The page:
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Originally published September 24, 2014 at 5:33 PM | Page modified September 27, 2014 at 4:36 PM

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How Percy Harvin makes Seahawks’ offense go without ever touching the ball

The threat of unleashing Seahawk Percy Harvin’s speed freezes defenders and opens up space for Marshawn Lynch inside runs. That’s why he can’t be evaluated on his own statistics.

Seattle Times staff reporter


RENTON – Seahawks coach Pete Carroll warned over the summer that judging Percy Harvin this season might be unorthodox.

“Really good players have always helped other guys play well, and I think Percy’s factor could be one that really does help other guys,” Carroll said in August. “It won’t always be his stats and his numbers.”

In Seattle’s 26-20 overtime win against Denver on Sunday, Harvin caught seven passes, the most on the Seahawks, but for the first time this season he didn’t have a rushing attempt. And yet when Harvin’s name surfaced after the game, Carroll didn’t talk about Harvin’s catches but about his impact on the running game.

Before the snap, the Seahawks brought Harvin across the field in motion and faked handing him the ball seven times — on what are known as “jet” or “fly” sweeps. Even though the Seahawks never gave Harvin the ball, the threat of doing so gave running back Marshawn Lynch more room to run.

“He kept drawing attention, and it allowed us to run the ball inside,” Carroll said. “It was a really significant part of the plan. ... There wasn’t a time to give him the football, but his factor was still felt.”

Since arriving in Seattle via a trade with the Minnesota Vikings before last season, Harvin has had an air of mystery about him. But now that he is healthy and a major part of the Seahawks’ offense, what has his impact been through three games? What is the Percy Harvin Effect that Carroll alluded to?

The Seahawks have lined Harvin up all over — at inside and outside receiver, at running back — and they have moved him around before the snap. If nothing else, that creates more scenarios for which opposing defensive coordinators must prepare.

Harvin is Seattle’s leading receiver with 15 catches for 106 yards, and while his speed stirs images of a deep threat, he often gets the ball on short, quick throws. What makes him valuable is his ability is to turn relatively easy throws into big plays.

Former Chicago Bears general manager Jerry Angelo faced Harvin’s Minnesota teams twice per season, and he said Harvin was the best player on the field each time for that reason.

“I’ve never seen a receiver that strong,” Angelo said. “There’s nobody harder to tackle after the catch than him.”

When the Seahawks motion Harvin and either fake giving him the ball or actually hand it to him, they accomplish several things right away.

In the instant the play is unfolding, they are forcing a safety to move from inside the box near the line of scrimmage to follow Harvin as he runs outside.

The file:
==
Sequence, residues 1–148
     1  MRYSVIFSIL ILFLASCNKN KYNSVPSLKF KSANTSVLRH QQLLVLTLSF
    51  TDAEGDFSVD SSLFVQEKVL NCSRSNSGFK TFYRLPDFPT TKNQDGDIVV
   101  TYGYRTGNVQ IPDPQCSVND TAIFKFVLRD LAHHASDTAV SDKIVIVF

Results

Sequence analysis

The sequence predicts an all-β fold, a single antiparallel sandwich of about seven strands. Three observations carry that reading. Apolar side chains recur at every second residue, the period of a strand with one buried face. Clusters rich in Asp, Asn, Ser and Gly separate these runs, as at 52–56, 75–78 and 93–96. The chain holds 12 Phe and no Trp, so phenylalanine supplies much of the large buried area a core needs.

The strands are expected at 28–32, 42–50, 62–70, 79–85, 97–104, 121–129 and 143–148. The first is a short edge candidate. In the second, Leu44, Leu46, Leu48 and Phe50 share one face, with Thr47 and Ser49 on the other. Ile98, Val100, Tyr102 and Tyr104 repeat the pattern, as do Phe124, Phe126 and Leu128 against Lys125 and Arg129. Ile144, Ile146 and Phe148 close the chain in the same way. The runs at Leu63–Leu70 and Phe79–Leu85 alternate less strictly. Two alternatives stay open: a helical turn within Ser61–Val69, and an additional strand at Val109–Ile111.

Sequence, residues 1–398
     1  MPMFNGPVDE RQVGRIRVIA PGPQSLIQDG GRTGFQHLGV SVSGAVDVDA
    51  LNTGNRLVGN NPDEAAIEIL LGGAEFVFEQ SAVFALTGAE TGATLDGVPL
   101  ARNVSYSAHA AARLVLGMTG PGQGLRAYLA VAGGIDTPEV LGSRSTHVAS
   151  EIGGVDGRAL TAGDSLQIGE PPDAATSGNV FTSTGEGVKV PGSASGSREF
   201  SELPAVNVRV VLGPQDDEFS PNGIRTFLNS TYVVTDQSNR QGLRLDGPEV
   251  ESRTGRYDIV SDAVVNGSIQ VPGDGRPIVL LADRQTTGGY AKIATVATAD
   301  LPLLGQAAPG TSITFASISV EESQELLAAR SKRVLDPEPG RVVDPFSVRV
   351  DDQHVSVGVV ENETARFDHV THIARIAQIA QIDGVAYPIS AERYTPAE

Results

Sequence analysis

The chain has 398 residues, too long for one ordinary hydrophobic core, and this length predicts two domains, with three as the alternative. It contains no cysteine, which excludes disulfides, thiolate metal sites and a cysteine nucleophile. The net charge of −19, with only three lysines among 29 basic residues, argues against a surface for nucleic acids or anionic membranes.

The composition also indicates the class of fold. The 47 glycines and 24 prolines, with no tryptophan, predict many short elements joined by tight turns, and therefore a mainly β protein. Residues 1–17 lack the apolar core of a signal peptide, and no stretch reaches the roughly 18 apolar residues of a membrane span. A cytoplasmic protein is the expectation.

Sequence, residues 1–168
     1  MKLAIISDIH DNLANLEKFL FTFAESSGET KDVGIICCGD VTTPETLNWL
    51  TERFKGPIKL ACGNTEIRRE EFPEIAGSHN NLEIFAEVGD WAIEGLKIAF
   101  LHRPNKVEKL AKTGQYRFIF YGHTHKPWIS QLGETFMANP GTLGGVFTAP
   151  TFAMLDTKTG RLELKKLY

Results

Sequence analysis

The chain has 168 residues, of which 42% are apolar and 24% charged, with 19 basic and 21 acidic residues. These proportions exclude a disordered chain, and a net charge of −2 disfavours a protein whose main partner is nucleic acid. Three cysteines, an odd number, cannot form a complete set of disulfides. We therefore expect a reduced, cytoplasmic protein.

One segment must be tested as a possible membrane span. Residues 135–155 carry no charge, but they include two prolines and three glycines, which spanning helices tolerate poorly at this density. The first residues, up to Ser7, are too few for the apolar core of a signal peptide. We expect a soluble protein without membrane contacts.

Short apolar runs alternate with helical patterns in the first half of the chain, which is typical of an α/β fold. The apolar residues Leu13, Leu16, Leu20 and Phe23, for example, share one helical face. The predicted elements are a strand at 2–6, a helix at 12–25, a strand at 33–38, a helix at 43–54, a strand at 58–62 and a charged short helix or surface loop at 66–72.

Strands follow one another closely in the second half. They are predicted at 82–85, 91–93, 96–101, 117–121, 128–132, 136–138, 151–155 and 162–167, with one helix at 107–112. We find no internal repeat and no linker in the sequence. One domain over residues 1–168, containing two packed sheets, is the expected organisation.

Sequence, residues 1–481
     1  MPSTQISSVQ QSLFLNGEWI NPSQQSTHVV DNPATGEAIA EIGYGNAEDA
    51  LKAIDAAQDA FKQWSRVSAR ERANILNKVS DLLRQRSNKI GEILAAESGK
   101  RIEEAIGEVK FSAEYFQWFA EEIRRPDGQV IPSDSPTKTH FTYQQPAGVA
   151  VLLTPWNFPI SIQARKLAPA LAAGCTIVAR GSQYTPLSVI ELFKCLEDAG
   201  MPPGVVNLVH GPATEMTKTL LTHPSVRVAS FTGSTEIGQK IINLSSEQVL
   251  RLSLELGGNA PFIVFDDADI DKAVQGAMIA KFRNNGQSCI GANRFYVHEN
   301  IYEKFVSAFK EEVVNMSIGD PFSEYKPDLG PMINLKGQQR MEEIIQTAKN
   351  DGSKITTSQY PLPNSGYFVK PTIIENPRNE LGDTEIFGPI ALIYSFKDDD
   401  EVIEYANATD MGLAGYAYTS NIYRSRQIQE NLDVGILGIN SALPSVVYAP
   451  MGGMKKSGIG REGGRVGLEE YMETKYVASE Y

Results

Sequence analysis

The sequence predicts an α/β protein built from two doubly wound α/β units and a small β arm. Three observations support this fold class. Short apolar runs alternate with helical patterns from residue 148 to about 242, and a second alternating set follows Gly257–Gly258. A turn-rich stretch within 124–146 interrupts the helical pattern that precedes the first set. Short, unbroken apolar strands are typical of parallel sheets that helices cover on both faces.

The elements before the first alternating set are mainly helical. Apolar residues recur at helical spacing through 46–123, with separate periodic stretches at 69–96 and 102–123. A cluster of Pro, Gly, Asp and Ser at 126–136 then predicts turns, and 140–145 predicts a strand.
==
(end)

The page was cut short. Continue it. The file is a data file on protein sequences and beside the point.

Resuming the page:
“Wherever he is on the field, you’ve got to spy him,” Angelo said. “You’d be foolish not to. You can never just treat him as mortal.”

The Seahawks are also creating uncertainty and hesitation for defenders who aren’t sure if Harvin, Lynch or quarterback Russell Wilson will emerge from the backfield with the ball.

Former NFL linebacker Chad Brown said the first thing he wanted to do was decide whether a play was a run or pass. But by having so many different options unfold so quickly — Wilson can hand the ball off to Harvin, hand it off to Lynch or roll out with it himself, all in a matter of seconds — the Seahawks muddy up that read for defenses.

“They ruin the first couple of seconds of the play because I don’t know what the play is going to be,” Brown said.

Brown played linebacker and defensive end in the NFL, and he looks at how the Seahawks use Harvin and Lynch from that perspective.

If Brown was responsible for containing Harvin on runs outside, he might stay just a little farther outside to make sure Harvin’s speed doesn’t beat him. But if he does that and the Seahawks hand it off to Lynch, he might be a little late to make a clean tackle on Lynch.

“If you’re trying to tackle Marshawn Lynch,” Brown said, “the difference between putting an arm on him and putting a shoulder pad on him is maybe only eight inches. But that eight inches is the difference between him going down and him running through your arm tackle. Or if I’m trying to contain Percy Harvin, if I’m a half-step slow getting out there, I’m no longer in the contain position, and I’m not going to win trying to chase him down.”

But handing the ball to Harvin as he flies across the field also helps the offensive line. By the time Harvin gets the ball, he is already running full speed, and it is highly unlikely that stationary defensive linemen or linebackers will be able to catch him around the edge.

That means the offensive line doesn’t need to win one-on-one battles at the line. The only block that truly matters is the one thrown by the receiver on the side to which Harvin is running.

In the fourth quarter of the San Diego game, for example, the Seahawks handed the ball to Harvin in motion, but receiver Doug Baldwin couldn’t get his block and Harvin was tackled for a 6-yard loss.

“I was on the sideline for the Green Bay game and (saw) how Julius Peppers and Clay Matthews ... were very unsure coming off the ball,” said Michael Robinson, former Seahawk fullback and NFL Network analyst. “They were stopping, they were guessing.

“There were so many things they had to stand and think about, and while they’re standing thinking, Percy’s moving. He’s going. It’s really that simple.”

Catch me if you can

Percy Harvin’s impact goes far beyond his numbers, but his stats aren’t bad this season.

Jayson Jenks: 206-464-8277 or

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